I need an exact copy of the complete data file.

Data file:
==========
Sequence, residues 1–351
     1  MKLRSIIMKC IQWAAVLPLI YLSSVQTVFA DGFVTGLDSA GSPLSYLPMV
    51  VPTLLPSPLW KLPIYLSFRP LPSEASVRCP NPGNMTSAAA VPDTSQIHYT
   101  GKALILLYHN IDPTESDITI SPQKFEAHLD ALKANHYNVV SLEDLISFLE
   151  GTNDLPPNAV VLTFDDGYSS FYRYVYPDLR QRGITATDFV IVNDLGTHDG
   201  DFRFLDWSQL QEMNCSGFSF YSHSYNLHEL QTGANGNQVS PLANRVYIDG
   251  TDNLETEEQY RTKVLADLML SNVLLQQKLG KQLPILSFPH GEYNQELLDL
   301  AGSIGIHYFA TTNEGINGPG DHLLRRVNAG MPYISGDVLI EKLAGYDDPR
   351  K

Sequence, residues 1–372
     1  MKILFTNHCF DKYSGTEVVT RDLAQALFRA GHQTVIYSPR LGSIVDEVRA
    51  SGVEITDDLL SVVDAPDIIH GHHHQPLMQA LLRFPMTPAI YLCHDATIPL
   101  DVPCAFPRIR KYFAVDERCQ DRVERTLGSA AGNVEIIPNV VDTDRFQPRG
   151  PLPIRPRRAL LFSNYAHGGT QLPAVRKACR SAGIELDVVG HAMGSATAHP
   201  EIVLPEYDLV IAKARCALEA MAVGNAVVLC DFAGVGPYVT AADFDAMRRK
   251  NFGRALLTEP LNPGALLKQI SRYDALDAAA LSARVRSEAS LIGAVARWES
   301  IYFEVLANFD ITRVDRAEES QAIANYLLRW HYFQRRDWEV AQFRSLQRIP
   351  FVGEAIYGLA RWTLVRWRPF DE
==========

Sequence, residues 1–351
     1  MKLRSIIMKC IQWAAVLPLI YLSSVQTVFA DGFVTGLDSA GSPLSYLPMV
    51  VPTLLPSPLW KLPIYLSFRP LPSEASVRCP NPGNMTSAAA VPDTSQIHYT
   101  GKALILLYHN IDPTESDITI SPQKFEAHLD ALKANHYNVV SLEDLISFLE
   151  GTNDLPPNAV VLTFDDGYSS FYRYVYPDLR QRGITATDFV IVNDLGTHDG
   201  DFRFLDWSQL QEMNCSGFSF YSHSYNLHEL QTGANGNQVS PLANRVYIDG
   251  TDNLETEEQY RTKVLADLML SNVLLQQKLG KQLPILSFPH GEYNQELLDL
   301  AGSIGIHYFA TTNEGINGPG DHLLRRVNAG MPYISGDVLI EKLAGYDDPR
   351  K

Sequence, residues 1–372
     1  MKILFTNHCF DKYSGTEVVT RDLAQALFRA GHQTVIYSPR LGSIVDEVRA
    51  SGVEITDDLL SVVDAPDIIH GHHHQPLMQA LLRFPMTPAI YLCHDATIPL
   101  DVPCAFPRIR KYFAVDERCQ DRVERTLGSA AGNVEIIPNV VDTDRFQPRG
   151  PLPIRPRRAL LFSNYAHGGT QLPAVRKACR SAGIELDVVG HAMGSATAHP
   201  EIVLPEYDLV IAKARCALEA MAVGNAVVLC DFAGVGPYVT AADFDAMRRK
   251  NFGRALLTEP LNPGALLKQI SRYDALDAAA LSARVRSEAS LIGAVARWES
   301  IYFEVLANFD ITRVDRAEES QAIANYLLRW HYFQRRDWEV AQFRSLQRIP
   351  FVGEAIYGLA RWTLVRWRPF DE